We went upstairs to my mother's room. It was horrible seeing her body in bed like that and I quickly left the room. I heard my sister say "I love you, ma," but I couldn't go near her. My brother noted that she was free of all the machines and tubes that needed to keep her lungs working. She was away from all that misery now. She had entered into eternal life.
The hospital chaplain came up and I blurted something stupid about how I wish I had done more with my life before my mother had died, which is rather self-centered and, if you knew my mother, completely unnecessary. She didn't give a damn how successful we were, just so long as we were happy.
"I hope you have someone that can help you process that," the chaplain said to me.
Process? I'm not sure what she meant, but it sounded an awful lot like her job.
The next days were consumed by preparation for the wake and funeral. It was bizarre, picking out a coffin and the clothes to for my mother to wear. Life really does go on, you have things to do even when you'd rather run off and hide in a some cave, you just can't.
It was terribly hot on the day of my mother's funeral and I remember sitting in the limo as we rode down Fifth Avenue, right by the bank where my mother used to work, I looked at the people outside, on the street, living their lives, doing their Saturday shopping. I wanted to be out there, too, living a normal, mundane life.
After the funeral we all tried to get back to that normal life. I called my father from the office the first Monday after my mother was buried and he stared crying again.
"I'm missing, Mom," he said, his voice drenched with pain.
I started crying and I got off the line quickly and ran down the hall to the men's room, my face pointed downward.
Four years have gone by and it's hard to believe. My father has since been diagnosed with Alzheimer's and has become quite frail.
We planned to visit the cemetery on Saturday, one day early, as my brother had made plans to look at a new house with his new wife on Sunday. He was driving, so that pretty much settled things. I was watching TV on Friday when my father approached me.
"Where's mother?" he asked, quite seriously.
I paused for a second. I hate having to remind him that his wife of 50-odd years has been dead since '02.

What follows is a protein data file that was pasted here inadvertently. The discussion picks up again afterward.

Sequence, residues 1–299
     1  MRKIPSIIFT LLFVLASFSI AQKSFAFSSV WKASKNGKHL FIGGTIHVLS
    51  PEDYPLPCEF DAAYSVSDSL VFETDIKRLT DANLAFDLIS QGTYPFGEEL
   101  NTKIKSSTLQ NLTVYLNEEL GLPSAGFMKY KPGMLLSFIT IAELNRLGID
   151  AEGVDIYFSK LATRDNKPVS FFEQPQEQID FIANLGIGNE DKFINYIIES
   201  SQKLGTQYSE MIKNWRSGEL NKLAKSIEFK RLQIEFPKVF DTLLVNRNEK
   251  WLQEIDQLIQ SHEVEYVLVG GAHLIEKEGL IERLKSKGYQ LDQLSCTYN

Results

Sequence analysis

"She's gone," I said softly. "We're going to go see her tomorrow."
Four years, so hard to believe. We all piled into my brother's car, went over the bridge to the cemetery in Staten Island. For a while, when my father was still able to drive, he would come out here nearly every day, telling me, "I went to see mom today."
I hated that phrase, but I saw how important it was to him to think he was visiting rather than standing over a patch of ground. I used to worry because his driving skills had deteriorated so severely I was convinced he'd get killed in a car crash. I'd call every day from work at 4 pm, praying he had made it home safely.
Now he's unable to drive and my niece, Kristin, who used to sit on my father's lap, was helping her grandfather out of the car and walking him over to my mother's grave.
We went to breakfast and then headed home. I guess time has taken some of the sting out of my mother's death, but I do miss her. The late blues singer, Johnny Adams, does a song called "You Don't Miss Your Water" about a busted love affair, but it makes me think of my mother. You really don't miss your water until the well goes dry.
For a long time after my grandmother died, my mother would begin crying at the slightest thing. I was a child and it felt strange and awkward seeing her cry. She would often ask me, "do you remember grandma?" Of course, I did.
When I chose Martin as my confirmation name in honor of St. Martin de Porres, to whom my grandmother prayed and gave money, my mother was sure this was a miracle and she cried again.
I didn't what she was going through at the time, how much it hurt to lose your mother. I didn't know this until I lost her. And now I know all too well.
I want to think about the good times we had, how my mother was always there, always supportive. How she put up with temper tantrums, my whining, and outright stupidity. If I had shred of goodness in me, I know it came from her.
So thank you, Mom, thank you for the goodness. I'll do my best to pass it along.